Frasor, 34, came back to the Jays after a two-month stint with the White Sox. Prior to that time, Frasor had been with the Jays since 2004 and appeared in 455 games, a franchise record. Frasor closed for partial season in 2004 aand 2009, but mostly served as a reliable right-handed reliever in the seventh and/or eighth innings. Frasor should settle nicely into the seventh inning for teh Jays behind Casey Janssen in the eighth and Sergio Santos in the ninth.
Oliver, 41, was signed for a year at $3.5 million with an undisclosed one-year option from the back-to-back American League champion Texas Rangers. Oliver, active since 1993, has also pitched for the Angels and is possibly most known for being the winning pitcher for the St. Louis Cardinals in the game Mark McGwire hit homerun #70 in 1998. Oliver will serve as the primary left-handed specialist (LOOGY), filling a role formerly held by Marc Rzepczynski, who was sent to the Cardinals in the Colby Rasmus deal.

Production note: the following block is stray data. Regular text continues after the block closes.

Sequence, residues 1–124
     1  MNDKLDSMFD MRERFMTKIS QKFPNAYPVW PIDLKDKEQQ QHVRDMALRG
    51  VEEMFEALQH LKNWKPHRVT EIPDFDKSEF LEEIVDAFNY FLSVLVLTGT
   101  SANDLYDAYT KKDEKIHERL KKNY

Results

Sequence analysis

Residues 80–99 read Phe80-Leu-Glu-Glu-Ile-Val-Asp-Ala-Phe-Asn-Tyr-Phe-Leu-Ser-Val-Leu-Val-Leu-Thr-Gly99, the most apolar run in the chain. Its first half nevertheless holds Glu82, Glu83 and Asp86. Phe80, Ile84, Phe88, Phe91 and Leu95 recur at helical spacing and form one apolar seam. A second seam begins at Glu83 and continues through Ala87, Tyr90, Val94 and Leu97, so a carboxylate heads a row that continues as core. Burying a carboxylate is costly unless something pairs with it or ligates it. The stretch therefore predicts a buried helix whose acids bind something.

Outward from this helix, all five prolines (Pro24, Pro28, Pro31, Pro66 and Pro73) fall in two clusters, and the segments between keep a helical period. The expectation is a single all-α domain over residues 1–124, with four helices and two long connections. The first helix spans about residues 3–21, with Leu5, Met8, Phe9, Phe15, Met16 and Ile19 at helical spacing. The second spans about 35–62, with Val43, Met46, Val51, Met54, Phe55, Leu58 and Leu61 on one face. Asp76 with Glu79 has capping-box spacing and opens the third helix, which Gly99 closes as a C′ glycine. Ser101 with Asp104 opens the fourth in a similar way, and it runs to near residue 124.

Laffey spent time with the Cleveland Indians and New York Yankees in 2011, logging 53.1 innings in relief with a 5.06 K/9 and 3.54 BB/9. He hasn’t shown much velocity (87 MPH fastball for his career), or command (3.59 BB/9) and despite the Jays seemingly interested in trying him as a starter, according to Laffey, he projects more as a long man, or depth arm for AAA Las Vegas.
These additions should complete the Jays bullpen, consisting of the seven-man corps of: Santos, Janssen, Frasor, Oliver, Litsch, Carlos Villanueva and one of Luis Perez, or Joel Carreno.
The offseason is far from over and the team could still use some improvements (see my last post), but a major piece of the Jays puzzle to contention has been filled.
I will be back in a few days, but for now: cheers!